My weekend in Hawaii

The morning i prepared to leave Maui I wanted to cry. I’m not sure exactly why. The fact that I knew the end of this American adventure was less than a week away. The fact that Maui itself is so perfect its impossible to want to leave. Either way it was sad because Maui, especially Hana is just magical.

My adventure started with the windy drive from Kahului down to Hana. The details behind the number of switch backs or hairpin bends and number of one lane bridges seems to vary but details average around the following; 52 miles of road will 617 switchbacks and 57 one lane bridges. The road was so windy that after a while I felt sick even as the driver and was glad I chose to avoid booking a taxi. Nonetheless with my exquisite driving skills and expert car handling I’m surprised not to have taken a call from Clarkson for a spot on The Grand Tour yet. Other drivers not so much. It seems that many of the tourists liked to take the ‘racing line’ even on the blind bends where it was impossible to see any of the road ahead. They did take it at around 10 mph though, so surely at that speed plenty of time to lock eyes with the poor bugger coming the other direction on the outer side of the road, before then watching said poor soul plummet to their death down the cliffs below. These fine people also had an uncanny knack for braking hard and expectedly whenever we got a short piece of straight road and, despite signs, refused to make use of any pull-ins to allow others to pass.

I had personally fueled up early into the trip at the very surf inspired town of Pa’ia. I had an Açaí bowl for lunch and some quality Hawaiian coffee to keep my wits lively for the drive. We passed countless stunning waterfalls along the toad and the vegetation was mind blowingly bright and lush. The only problem with being the driver is you miss a lot by inconveniently keeping ones eyes on the road, and you often spot things too late to stop without causing a pile up. I saw several ratty stoaty things that I later found out to be the ferocious Mongoose! Most exciting. A long the way a series of dare devil chickens also littered the route, seemingly belonging to no one, and taking their life in their own claws with risk of both the car and Mongoose’s murderous tendencies.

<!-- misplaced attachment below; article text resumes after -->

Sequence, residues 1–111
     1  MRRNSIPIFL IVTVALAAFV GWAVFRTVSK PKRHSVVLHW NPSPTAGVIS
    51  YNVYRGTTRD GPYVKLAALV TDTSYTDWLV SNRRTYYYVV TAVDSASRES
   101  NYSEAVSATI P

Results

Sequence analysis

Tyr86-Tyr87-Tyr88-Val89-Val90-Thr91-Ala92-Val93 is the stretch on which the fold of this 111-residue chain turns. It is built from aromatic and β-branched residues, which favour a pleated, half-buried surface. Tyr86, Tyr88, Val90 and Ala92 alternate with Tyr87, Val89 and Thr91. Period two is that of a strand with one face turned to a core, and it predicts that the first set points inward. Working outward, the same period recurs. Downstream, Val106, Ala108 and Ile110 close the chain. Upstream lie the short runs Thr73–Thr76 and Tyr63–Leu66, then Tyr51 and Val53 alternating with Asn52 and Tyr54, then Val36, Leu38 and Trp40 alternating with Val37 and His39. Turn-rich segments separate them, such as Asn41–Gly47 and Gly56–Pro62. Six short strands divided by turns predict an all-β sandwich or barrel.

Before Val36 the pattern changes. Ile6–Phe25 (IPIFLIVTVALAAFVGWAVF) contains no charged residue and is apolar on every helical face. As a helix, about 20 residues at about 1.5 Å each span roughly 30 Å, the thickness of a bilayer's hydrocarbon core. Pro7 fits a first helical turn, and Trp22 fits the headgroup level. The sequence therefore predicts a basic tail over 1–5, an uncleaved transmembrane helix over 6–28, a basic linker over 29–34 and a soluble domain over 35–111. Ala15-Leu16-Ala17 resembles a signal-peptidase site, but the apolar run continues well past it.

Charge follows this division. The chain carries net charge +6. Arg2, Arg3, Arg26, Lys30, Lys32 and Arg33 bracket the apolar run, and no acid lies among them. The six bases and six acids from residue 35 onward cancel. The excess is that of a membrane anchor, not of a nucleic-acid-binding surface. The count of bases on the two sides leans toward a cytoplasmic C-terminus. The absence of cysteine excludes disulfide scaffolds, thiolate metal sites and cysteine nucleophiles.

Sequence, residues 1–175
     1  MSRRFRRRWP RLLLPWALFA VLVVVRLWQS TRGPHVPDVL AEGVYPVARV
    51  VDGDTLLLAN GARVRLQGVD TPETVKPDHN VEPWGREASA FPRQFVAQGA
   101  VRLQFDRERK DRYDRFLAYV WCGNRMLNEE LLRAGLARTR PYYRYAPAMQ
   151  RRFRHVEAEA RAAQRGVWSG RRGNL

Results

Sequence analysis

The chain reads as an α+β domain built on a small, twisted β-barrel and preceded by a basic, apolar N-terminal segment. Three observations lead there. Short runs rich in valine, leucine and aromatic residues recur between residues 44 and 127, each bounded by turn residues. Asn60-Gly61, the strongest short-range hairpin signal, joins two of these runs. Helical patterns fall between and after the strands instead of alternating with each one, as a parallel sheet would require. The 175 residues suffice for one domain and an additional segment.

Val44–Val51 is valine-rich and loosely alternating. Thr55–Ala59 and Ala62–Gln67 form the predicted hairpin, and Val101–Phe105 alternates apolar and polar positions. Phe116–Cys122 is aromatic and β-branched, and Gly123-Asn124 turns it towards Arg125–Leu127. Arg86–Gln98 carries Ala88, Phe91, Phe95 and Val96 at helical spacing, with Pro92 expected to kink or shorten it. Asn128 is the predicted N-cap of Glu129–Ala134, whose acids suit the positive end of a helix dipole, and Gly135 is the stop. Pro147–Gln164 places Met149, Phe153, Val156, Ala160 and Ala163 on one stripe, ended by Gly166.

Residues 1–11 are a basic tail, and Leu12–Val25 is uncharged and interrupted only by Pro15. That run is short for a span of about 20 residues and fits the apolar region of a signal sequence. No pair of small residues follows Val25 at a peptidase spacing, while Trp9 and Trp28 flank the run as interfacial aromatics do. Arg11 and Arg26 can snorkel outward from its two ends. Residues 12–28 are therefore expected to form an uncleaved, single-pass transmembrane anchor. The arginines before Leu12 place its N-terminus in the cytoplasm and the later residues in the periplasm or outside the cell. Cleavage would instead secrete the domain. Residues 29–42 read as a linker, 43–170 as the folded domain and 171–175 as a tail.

After three relaxed hours, save for the occasional inward outburst at ludicrous driving, I arrived in Hana at the Travaasa resort.

I was so excited when I got to my room for two reasons. One it was probably larger than my apartment, had a sunken bath and amazing topical garden views. Also they left fresh banana bread in the room for guests! Clearly it was not suited to my intolerances but in excitement I failed to resist the pull of homemade cake. The old rule was always ‘if it’s homemade you can’t say no’. I soon realised I shouldn’t and a couple of delicious slices in I stopped. I didn’t want to look rude though leaving it or worse, them seeing it in the bin. So I wrapped it back up in its plastic then put a paper towel around it and then put it in the bin. I was telling Man about this and he pointed out that since the bin was unused and it was so well wrapped it was still good to eat. Not helpful. For a split second I suggesting pee’ing on it to save me from myself but then realised I wasn’t sure how to explain that should I get caught, and worse if for any reason it was established I’d done such a thing and I wasn’t there to explain, what would someone think of that!?